Moving on from Marche to Lazio, we find the story of Felice Arletti, the director of Agriristoro Il Calice e la Stella in Canepina (Viterbo). His was the first place in Italy to offer a tasting menu based on hemp, beginning in 2004 (see Gambero Rosso from April, 2016 – Italian version). “Ours is an agricultural project. We want to bring agriculture and the traditions of our land to the table. We can’t ignore a product like hemp that actually gave its name to our town, Canepina, from canapa, the Italian word. Here, bridegrooms also received household linens when they married, and they were always made of woven hemp. Mine are made from the hemp grown on my grandmother’s farm.” In his restaurant you can taste the original fieno di Canepina, an historic pasta dish made with hemp flour, back in production in the local pasta factory, Fanelli. “This was the only fresh pasta in 1600, and it was the only one using eggs. That was the sign of wealth in a town that was the center of hemp trade.” The pasta is finer than tagliolini. It was traditionally boiled in water and then dried on a hemp cloth so that it would absorb all the sauce it was served with. “Today we serve hemp pasta with a basil and nettle pesto or with a white ragout of rabbit and hazelnuts from the Cimini hills. There are 400 years of history in a single dish.”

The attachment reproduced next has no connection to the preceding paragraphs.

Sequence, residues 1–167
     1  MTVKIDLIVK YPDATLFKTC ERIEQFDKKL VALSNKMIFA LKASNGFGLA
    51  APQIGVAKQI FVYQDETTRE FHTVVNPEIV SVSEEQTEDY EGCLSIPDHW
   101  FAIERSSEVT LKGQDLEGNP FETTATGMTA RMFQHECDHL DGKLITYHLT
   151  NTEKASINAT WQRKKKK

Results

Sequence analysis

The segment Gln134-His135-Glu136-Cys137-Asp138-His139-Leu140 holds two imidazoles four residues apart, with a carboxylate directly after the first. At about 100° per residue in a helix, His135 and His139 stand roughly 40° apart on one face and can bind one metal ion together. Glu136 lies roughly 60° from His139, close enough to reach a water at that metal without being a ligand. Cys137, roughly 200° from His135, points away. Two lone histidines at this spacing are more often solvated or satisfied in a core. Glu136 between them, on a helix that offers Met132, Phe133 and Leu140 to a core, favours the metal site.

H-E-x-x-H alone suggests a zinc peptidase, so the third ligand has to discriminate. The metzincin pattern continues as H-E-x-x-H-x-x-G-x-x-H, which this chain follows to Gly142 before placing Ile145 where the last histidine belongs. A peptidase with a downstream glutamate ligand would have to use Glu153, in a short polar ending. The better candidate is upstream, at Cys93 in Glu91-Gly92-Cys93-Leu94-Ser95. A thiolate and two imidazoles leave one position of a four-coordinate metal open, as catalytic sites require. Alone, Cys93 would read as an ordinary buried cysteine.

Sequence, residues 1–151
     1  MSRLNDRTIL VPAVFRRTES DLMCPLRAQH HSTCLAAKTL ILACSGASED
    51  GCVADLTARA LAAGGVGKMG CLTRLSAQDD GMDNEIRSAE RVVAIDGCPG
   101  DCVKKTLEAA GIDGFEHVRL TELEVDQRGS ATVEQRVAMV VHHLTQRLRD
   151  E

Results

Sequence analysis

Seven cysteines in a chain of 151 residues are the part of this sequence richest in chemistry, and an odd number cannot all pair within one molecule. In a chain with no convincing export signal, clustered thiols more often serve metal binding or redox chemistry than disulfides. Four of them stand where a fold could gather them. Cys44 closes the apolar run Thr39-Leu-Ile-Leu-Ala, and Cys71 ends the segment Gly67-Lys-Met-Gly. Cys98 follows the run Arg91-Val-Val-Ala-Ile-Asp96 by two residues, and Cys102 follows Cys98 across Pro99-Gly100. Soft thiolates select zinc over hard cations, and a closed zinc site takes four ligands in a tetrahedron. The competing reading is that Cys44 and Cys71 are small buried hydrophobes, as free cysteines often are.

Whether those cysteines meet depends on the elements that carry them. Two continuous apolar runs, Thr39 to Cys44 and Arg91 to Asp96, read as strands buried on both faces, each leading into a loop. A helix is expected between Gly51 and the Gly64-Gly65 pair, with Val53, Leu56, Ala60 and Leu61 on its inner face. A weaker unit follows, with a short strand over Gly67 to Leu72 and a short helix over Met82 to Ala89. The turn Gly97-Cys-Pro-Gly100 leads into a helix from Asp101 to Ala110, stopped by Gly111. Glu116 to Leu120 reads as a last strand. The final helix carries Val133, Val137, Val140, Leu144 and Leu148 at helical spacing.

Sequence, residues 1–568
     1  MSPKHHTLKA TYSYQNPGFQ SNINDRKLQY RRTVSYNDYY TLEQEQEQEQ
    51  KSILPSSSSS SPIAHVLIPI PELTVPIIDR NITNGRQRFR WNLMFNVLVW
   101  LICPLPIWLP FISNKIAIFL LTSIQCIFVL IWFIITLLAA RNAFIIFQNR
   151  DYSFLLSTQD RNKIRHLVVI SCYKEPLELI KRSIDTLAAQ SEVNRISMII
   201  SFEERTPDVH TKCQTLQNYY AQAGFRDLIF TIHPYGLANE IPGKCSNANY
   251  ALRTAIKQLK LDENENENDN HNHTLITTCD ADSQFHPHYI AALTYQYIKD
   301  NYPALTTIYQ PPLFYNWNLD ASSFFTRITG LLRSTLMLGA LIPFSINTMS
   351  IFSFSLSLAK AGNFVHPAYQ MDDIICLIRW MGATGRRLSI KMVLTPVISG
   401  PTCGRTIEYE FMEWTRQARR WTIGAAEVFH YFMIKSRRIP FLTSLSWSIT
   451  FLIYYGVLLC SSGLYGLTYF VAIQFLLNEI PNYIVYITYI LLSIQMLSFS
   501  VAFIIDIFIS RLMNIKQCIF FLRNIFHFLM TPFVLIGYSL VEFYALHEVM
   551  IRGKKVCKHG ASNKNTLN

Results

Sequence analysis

Two Ligurian gelaterie, Perlecò in Alassio and U Magu in Pietra Ligure, make hemp gelato: Fior di Cannabis is made with hemp flowers. It has a pleasant, aromatic flavor and maintains the nutritional virtues of the plant. The use of hemp seeds in the kitchen is widespread. Once decorticated, they are ideal for enriching soups. Toasted or plain they can be added to yogurt or used for breading. Hemp flour is starch and gluten-free, rich in anti-oxidants, a perfect health food. It can be used raw as a spice, or in bread-making, combined with other flour. The flavor is grassy, slightly bitter, lightly balsamic, and not easy to pair with other sensations. But the chefs all over Italy are working to find ways to bring this ethical, healthy and tasty product to the public. “Agriculture, health, cooking and new opportunities for work come together in the rediscovery of hemp-growing,” proclaimed Giovanni Bernadini, president of Copagri in the Marche. “They are basic synergies for relaunching the agricultural sector. Reviving rural and culinary traditions and making something new of them is the best stimulus for our nation’s economic recovery. It’s a sign when a centuries-old product has new success thanks to the interest and passion of the young, a group that never knew about it before. The young are our future, and hemp can have a future in agriculture.”
by Laura Di Pietrantonio